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Nevius: Steve Kerr likes this Warriors team despite its struggles

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Right up until Steve Kerr started bleeding on his clipboard, I had a whole different column in mind for the Warriors.

The point was supposed to be that for a team that has taken up residence at the absolute bottom of the NBA standings, this is the most cheerful and close-knit group of losers you are likely to encounter.

It isn’t as if they are about to catch fire and make a run at the Finals. Frankly, it is almost fitting that Steph Curry broke his hand. (And doesn’t that cast seem to get bigger every time you see it?)

Curry’s absence puts a big red bow on expectations. They’re not good. At the very least, they lack star-power closers who can take over a game.

Actually, they don’t lack them. Curry and Klay Thompson are right there on the bench — injured.

But rather than tantalize us with hope, the Warriors have gone south early, giving us plenty of time to come to grips with the season. It’s going to be a slog.

Which, in its way, is liberating. Everyone seems to have settled into the reality. The fans have certainly caught on. It’s not the new Chase Arena that is muting the noise. It is those empty seats. And there are a noticeable number of them now.

Wednesday night, the Warriors (3-15 coming in) and the Bulls (then 6-12), were like two prize fighters, neither of whom could hurt the other. They kept throwing punches, often missing wildly, and the game of basketball winced.

Still, it was, as the arena announcer shouted at the end, “ANOTHER Warriors win.” And it was an improvement over Monday’s loss to Oklahoma City, when they couldn’t even get a shot off at crunch time.

Still, you can hate the losing, but not the losers.

So far we’ve just about used up all adjectives for hustle. This year’s bargain-bin Warriors have pluck, grit, spunk and mettle. Which is what we always say about a less-talented team.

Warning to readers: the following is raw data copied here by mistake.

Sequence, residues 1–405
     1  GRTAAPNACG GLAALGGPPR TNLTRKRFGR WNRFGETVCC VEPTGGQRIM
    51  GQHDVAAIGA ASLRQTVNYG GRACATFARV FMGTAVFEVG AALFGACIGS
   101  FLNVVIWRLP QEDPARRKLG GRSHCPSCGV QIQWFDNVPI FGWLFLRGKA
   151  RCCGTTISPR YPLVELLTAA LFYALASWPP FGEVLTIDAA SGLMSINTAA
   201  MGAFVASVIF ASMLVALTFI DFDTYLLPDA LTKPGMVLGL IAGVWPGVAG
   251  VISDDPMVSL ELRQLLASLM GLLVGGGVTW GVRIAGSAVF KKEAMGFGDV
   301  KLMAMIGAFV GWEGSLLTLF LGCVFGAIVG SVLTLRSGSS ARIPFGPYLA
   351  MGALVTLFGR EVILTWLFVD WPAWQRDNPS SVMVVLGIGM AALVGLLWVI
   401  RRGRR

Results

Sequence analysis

Except, it seems to be true. They are playing hard. And, by all signs, they’ve kept it together. The team seems tight. Body language is good. (Except for Jordan Poole. Dude, calm down, you’re doing some good things.)

And you don’t have to squint very hard to imagine a better future. Soon.

Let’s assume All-Star Thompson and two-time MVP Curry make full recoveries. Also, the team will be out of salary cap jail next year and can sign a nice, mid-level player. And if they successfully stink for the rest of the year, they could get a lottery draft pick, which is something they haven’t had in eons.

In the meantime, in a weird way, this is a nice change for Kerr. He’s coaching guys who are all-in, eager to buy what Kerr is selling. Unlike Kevin Durant who asked Kerr, “Why are you telling me how to play? I know how to play.”

“Before it’s been win or bust,” Kerr said. “But these guys are out there playing for their NBA lives. They’re fun to coach.”

Kerr mentioned Glenn Robinson III and Alec Burks as guys who have been around the league and now are “building a resume.”

Burks, like Robinson, is a high-character veteran who is not only grateful for the chance, the Warriors were his first choice.

“I just wanted to be part of the culture here,” he said. “I wanted the experience to work with a coach I love and to play with Draymond (Green) and D-Lo (D’angelo Russell).”

And as Russell, and others, work their way back from injuries, the team should improve. In the meantime, Burks and Robinson are getting lots of showcase minutes. And they are, you have to admit, playing hard.

“You can’t cheat the game,” Burks said. “Or the game won’t respect you.”

So that was pretty much the original premise of the column. The Warriors aren’t good, but there may be brighter days ahead. That everyone had kind of settled into the idea that this was going to be a lost season but they were not going to stress about the W’s and L’s.

Right up until the last quarter Wednesday against the Bulls, when the Dubs went into hot potato mode — missing shots, failing to cover defensively and giving away possessions. When one defender — OK, it was Poole — spaced out and let his man get behind him for a layup, the coach “did a Kerr,” slamming down his clipboard and breaking it.

He asked the trainer for a towel right away and wrapped his hand while calling a timeout. He diagramed plays, the Warriors steadied and won the game.

Kerr came to the postgame press conference with his right hand in his pocket, hoping no one would notice the Band-Aid. Called on it, he admitted he cut his hand with flying clipboard pieces.

“I was pissed,” he said later.

So, officially, there is one member of the front office that hasn’t settled into oh-what-the-heck mode. Was he drawing up plays using his bleeding hand?

“There was blood on the clipboard,” Kerr said. “In fact, maybe that’s a good headline, ‘Blood on the Clipboard.’”

We’ll handle the headlines, Steve. You keep coaching.

Contact C.W. Nevius at cw.nevius@pressdemocrat.com. Twitter: @cwnevius

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